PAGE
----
This post on 2D Boy states:
“As love and effort increase, the probability of self destruction approaches 1.” – Kyle’s Theorem of Destruction #2a
Or, the more you care about what you’re working on, the less likely you’ll actually turn it into something totally awesome.
The more you work on something, the more personally invested you become. The more personally invested you are, the less likely you are to look at it objectively and trash or rethink problem areas. The product suffers. This applies to any type of development, but it’s especially true for game development.
How to fix it? 2D Boy suggests occasional distraction with side projects. I have some more thoughts for large teams…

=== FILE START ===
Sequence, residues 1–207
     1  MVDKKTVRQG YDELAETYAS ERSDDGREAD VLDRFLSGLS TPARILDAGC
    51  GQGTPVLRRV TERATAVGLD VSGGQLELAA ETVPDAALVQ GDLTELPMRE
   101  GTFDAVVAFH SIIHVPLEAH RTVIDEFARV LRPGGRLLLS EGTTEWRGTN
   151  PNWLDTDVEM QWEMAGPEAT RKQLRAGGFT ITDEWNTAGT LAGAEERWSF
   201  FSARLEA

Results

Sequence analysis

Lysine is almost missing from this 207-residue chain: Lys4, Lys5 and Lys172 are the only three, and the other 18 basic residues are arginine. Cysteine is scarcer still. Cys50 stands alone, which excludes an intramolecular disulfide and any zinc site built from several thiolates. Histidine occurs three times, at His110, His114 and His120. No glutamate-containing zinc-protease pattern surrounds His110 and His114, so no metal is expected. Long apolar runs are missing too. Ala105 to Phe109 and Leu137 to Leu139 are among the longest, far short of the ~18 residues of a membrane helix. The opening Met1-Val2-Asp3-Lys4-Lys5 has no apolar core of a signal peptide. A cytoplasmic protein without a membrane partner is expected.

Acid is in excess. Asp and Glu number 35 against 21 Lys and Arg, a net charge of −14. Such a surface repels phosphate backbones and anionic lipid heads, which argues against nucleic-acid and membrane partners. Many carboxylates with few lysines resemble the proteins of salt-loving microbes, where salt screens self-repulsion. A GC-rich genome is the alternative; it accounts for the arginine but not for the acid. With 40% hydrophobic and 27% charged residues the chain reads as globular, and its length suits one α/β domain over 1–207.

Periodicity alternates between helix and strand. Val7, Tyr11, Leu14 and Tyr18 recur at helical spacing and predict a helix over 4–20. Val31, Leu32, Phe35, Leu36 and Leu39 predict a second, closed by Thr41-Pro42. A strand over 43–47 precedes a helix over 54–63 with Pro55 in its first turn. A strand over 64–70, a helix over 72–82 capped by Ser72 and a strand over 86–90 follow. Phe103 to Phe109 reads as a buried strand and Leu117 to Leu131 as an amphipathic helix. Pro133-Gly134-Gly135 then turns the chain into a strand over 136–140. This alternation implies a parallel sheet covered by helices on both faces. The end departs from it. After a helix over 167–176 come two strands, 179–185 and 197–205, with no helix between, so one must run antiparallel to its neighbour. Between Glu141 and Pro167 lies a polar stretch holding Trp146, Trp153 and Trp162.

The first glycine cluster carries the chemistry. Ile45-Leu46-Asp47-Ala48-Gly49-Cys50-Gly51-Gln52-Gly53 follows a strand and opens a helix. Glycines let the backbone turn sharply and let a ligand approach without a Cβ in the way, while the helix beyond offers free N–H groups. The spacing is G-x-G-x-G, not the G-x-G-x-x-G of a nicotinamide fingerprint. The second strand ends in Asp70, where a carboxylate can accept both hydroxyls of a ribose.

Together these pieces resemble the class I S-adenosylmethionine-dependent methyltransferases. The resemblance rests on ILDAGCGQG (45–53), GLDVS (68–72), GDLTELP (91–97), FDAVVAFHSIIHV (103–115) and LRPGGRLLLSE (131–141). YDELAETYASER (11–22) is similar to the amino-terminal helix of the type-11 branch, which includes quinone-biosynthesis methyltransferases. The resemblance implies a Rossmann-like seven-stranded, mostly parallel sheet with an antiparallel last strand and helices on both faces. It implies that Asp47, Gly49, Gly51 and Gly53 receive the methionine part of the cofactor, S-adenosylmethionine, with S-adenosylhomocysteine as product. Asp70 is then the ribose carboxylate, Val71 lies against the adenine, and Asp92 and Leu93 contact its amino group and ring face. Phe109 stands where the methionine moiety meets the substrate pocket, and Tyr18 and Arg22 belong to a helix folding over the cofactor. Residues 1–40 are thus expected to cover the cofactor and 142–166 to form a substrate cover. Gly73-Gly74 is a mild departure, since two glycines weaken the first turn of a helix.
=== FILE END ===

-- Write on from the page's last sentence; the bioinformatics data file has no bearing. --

First: organize your staff into small, independent, scrum-ish groups. Each group must be self-sufficient, with an artist, programmer, etc. When assigned a task, it must be able to create a playable product without outside interaction with other departments.
Next: identify the areas of development for the project. For example, in Battlefield 2142, these might be: infantry, vehicles, conquest gameplay, titan gameplay, statistics and awards, and user interface.
Finally: each group works on one specific area for one iteration of your scrum development cycle. In the next iteration, rotate the group to a new area of development.
This results in:
- Fresh eyes looking over the important parts of your game each iteration of the development cycle.
- Less competition between departments.
- The game won’t suffer because one group doesn’t want to make changes to the precious content they’ve been slaving over for the past 9 months.